Malbim opposed construction of the big Choral Temple, to be equipped with a choir and organ, similar to the Great Synagogue of Leopoldstadt in Vienna. He thought this was too Christian in style. In 1864 the Choral Temple became the main neo-orthodox synagogue in Romania. He also condemned the founding (before he arrived) of the first two elementary schools in Bucharest for Jewish children to offer a general knowledge curriculum. In this period Romanian officials encouraged such efforts to integrate the Jews into mainstream Romanian life.
Malbim's insistence on adhering to the halakha resulted in portions of the religious personnel (shochtim, dayanim) to become hostile to him. He threatened with excommunication those who did not comply with his decisions. By their frequent complaints, his opponents almost succeeded in having him sent to prison. Malbim was freed through the intervention of Sir Moses Montefiore, but it was upon the condition that he leave Romania.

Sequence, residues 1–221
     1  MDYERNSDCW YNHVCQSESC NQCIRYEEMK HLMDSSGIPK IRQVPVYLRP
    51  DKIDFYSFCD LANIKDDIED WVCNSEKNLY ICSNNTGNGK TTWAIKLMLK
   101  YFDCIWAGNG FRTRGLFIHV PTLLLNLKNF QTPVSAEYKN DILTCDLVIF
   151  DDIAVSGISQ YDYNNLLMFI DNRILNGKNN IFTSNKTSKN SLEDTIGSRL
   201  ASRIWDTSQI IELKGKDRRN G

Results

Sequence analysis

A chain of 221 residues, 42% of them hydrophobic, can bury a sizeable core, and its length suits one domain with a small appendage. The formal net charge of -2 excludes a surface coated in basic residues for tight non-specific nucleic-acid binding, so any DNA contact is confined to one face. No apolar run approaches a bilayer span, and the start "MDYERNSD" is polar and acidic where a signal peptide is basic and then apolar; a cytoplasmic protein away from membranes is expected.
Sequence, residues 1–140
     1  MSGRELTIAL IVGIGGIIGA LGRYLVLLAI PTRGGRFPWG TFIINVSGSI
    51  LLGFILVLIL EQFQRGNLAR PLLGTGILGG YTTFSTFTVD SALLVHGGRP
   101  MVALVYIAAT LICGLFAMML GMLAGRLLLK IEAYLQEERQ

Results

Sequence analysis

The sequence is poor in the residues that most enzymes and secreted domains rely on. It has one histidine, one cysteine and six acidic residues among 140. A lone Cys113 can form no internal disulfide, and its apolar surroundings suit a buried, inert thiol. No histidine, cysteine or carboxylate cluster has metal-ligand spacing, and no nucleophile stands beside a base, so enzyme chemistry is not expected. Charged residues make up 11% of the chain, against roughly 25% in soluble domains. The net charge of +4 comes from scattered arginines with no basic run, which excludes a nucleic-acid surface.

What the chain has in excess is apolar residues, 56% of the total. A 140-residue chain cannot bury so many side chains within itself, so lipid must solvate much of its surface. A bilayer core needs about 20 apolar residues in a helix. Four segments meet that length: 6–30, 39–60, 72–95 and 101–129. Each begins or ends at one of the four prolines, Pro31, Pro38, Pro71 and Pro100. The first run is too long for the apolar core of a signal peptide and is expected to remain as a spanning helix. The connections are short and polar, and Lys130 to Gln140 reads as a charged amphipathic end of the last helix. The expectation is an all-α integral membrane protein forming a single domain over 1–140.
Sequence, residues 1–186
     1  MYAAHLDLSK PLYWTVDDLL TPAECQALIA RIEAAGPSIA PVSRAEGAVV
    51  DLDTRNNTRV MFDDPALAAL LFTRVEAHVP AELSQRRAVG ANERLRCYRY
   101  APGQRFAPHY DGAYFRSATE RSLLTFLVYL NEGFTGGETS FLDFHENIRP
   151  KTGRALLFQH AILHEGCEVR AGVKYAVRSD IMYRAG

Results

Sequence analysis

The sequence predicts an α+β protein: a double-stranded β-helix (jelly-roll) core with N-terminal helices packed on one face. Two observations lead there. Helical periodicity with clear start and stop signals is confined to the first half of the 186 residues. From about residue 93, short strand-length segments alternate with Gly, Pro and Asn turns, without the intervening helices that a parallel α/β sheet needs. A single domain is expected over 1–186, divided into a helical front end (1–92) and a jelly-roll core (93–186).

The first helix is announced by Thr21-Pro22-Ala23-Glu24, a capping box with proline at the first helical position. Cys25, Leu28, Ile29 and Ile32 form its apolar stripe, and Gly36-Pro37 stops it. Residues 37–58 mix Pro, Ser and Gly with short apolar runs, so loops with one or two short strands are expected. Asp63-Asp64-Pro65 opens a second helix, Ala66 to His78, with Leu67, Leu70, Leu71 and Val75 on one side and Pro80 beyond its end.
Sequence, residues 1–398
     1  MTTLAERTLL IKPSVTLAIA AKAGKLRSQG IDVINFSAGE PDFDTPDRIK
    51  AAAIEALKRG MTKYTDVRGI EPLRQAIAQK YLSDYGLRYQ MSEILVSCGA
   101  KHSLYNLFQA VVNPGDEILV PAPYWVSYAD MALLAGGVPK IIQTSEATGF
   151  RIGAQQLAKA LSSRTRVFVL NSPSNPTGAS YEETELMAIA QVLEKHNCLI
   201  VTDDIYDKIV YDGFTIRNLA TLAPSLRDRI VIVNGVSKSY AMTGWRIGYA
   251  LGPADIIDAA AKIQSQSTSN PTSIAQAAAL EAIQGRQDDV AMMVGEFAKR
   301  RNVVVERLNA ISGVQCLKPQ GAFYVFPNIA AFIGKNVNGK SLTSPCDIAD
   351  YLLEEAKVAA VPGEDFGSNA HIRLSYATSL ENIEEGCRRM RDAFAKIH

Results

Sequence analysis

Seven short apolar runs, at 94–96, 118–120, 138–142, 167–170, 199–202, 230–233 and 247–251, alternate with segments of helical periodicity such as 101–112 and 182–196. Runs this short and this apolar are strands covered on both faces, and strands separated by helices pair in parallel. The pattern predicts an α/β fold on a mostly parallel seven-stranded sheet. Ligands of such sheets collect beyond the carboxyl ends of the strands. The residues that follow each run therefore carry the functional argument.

Malbim went to Constantinople and complained to the Turkish government, but obtained no satisfaction. After staying six months in Paris, he went to Lunshitz, in Russian Poland, as successor to his deceased father-in-law, Hayyim Auerbach (1866). Shortly afterwards he became rabbi at Kherson, and thence was called to the rabbinate of Mogilev, on the Dnieper (1870). There, too, he was a staunch supporter of Judaism and was resented by the richer Jews; they denounced him as a political criminal, and the governor of Moghilef forced him to leave the town.
Malbim went to Königsberg as chief rabbi of the Polish community, but he continued to have conflict with Reform Jewss. Malbim visited Vilna in 1879, where the community would have appointed him rabbi, but the governor of Vilna opposed the election. He did not want to sanction the appointment of a rabbi who had been expelled from Moghilev as a political criminal. Malbim declined an offer to be chief rabbi of the Orthodox in New York City. In September 1879, Malbim was traveling to Kremenchuk, where he had been called as rabbi, when he fell sick. He died on Rosh HaShanah, 1 Tishrei 5640 at Kiev.